On CNN on Sunday, Toomey made the claim that Democrats were exploiting the veterans as political pawns. He also made fun of Stewart, the former host of The Daily Show, by dubbing him a “pseudo-celebrity.” Toomey is requesting a vote on his proposal, which would impose additional restrictions on how the funds will be used.
According to Toomey, this is Washington’s oldest scam. People will take a sympathetic group of Americans, such as sick children, crime victims, or veterans exposed to toxic chemicals, and draft a bill to address their issues. They will then sneak in something completely unrelated that they know could never pass on its own and dare Republicans to take action because they know they will unleash their media allies and possibly a fake celebrity to fabricate false allegations to undermine the bill. This is what is taking place.
When asked if Toomey’s description of him as a “pseudo-celebrity” had angered him, Stewart responded, “That’s the one thing I’ve agreed with during this whole process.”
The PACT Act could return to the Senate floor as early as Tuesday, according to Senate Majority Leader Chuck Schumer, D-New York, who believes that veterans shouldn’t have to engage in a second war at home in order to receive the medical benefits they are entitled to. Republicans are hinting that they will be on board this time in the face of intense pressure from the American Legion, Veterans of Foreign Wars, Wounded Warrior Project, and other organizations.
Yes, it will pass this week, declared Mitch McConnell, a Republican from Kentucky, on Monday.
In a statement at the protest on Monday, Don Eggert, a 56-year-old Iraq War veteran from Madison, Wisconsin, singled out Republican senator Ron Johnson from his home state.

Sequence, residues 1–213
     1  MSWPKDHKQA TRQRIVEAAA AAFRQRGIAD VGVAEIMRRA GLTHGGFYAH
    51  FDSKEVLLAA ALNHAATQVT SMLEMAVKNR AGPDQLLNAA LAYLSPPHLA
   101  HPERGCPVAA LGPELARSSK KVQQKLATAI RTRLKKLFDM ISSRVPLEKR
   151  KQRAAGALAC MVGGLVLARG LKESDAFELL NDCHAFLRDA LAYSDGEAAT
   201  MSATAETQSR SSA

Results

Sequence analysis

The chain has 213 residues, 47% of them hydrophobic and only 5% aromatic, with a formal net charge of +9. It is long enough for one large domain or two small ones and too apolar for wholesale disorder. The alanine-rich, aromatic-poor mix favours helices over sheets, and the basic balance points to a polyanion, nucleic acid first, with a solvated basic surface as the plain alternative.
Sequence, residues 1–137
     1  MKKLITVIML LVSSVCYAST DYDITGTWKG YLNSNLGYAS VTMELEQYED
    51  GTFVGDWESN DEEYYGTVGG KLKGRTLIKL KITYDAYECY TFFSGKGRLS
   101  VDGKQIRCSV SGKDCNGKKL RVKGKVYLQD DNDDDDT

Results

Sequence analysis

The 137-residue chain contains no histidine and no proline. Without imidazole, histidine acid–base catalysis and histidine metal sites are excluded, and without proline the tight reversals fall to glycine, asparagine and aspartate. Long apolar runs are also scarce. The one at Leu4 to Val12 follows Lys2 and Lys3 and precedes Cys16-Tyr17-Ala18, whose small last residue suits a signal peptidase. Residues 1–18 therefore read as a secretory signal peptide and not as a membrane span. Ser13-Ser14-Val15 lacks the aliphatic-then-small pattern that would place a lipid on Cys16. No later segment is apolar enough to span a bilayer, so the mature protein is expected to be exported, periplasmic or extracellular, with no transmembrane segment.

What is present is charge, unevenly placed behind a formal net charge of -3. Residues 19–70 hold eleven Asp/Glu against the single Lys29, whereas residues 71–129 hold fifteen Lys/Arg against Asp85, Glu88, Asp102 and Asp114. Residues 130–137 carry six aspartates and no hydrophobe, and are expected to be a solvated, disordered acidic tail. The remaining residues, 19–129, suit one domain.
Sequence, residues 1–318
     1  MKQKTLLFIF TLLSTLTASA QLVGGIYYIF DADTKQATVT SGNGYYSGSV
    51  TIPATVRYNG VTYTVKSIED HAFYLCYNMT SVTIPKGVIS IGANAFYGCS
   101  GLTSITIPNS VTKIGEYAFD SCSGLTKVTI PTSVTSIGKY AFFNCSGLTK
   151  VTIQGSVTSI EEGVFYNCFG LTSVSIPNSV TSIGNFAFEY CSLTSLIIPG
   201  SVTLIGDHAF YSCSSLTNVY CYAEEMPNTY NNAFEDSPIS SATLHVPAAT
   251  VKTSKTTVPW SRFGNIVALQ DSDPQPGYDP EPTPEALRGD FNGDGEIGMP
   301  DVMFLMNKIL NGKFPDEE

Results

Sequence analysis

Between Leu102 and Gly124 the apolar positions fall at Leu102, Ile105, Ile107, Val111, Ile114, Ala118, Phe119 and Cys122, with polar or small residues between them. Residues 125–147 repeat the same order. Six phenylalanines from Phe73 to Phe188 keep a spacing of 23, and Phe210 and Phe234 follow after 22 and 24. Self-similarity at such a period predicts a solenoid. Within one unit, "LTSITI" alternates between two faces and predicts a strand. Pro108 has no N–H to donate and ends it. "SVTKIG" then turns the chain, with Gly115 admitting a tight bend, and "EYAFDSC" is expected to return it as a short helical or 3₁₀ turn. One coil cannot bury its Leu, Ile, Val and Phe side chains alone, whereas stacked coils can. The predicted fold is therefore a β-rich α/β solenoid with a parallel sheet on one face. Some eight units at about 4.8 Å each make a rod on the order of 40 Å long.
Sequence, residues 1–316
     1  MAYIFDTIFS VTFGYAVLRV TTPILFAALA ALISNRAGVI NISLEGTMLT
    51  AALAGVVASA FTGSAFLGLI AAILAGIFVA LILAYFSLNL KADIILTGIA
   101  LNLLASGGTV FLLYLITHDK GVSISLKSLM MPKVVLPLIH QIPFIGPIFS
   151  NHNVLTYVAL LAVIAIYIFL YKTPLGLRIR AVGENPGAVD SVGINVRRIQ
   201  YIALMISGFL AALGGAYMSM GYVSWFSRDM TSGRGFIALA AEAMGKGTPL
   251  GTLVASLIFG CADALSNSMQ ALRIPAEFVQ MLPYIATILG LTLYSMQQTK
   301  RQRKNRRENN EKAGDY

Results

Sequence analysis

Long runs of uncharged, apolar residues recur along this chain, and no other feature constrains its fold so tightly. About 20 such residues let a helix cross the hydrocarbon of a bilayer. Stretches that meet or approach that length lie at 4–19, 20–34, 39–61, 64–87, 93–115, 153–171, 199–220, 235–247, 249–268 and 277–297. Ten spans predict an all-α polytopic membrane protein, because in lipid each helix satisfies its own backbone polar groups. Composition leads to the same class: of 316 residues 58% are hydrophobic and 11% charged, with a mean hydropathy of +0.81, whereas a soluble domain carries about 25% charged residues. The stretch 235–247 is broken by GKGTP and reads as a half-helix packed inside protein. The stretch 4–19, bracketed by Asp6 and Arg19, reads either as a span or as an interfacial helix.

In an interview, Eggert claimed that “he has this type of duplicity regarding soldiers.” He will proclaim his support for veterans and his respect for their service, but when it comes to the budget, he fails to stand by us.
He said that Republicans “should back down today.”
James Powers, a 37-year-old Iraq war veteran from Canton, Ohio, claims he attempted to meet Sen. Rob Portman, a Republican from Ohio, last week but was refused. He was able to meet with Portman’s team in Washington, but after he allegedly used profanity, the discussion turned into a heated argument.
Powers, who was subjected to burn pits in Iraq, told his fellow demonstrators, “We’re not leaving until this bill passes. Veterans are currently present, battling through the emotional and physical suffering they have experienced as a result of this.
One of those demonstrating support for the veterans at the Capitol on Monday was Afghanistan War veteran Wes Moore, who is the Democratic candidate for governor of Maryland.
“Over 6,000 residents of Maryland are included on the burn pit registry, making this a highly personal matter for residents of the state. The fact that I am a combat veteran makes it much more personal, said Moore, a retired Air Force captain, to NBC News.
“So it’s critical that every American step up and make our voices known and make sure that those promises are being maintained,” says the president, “when we come and we see those promises not being kept.”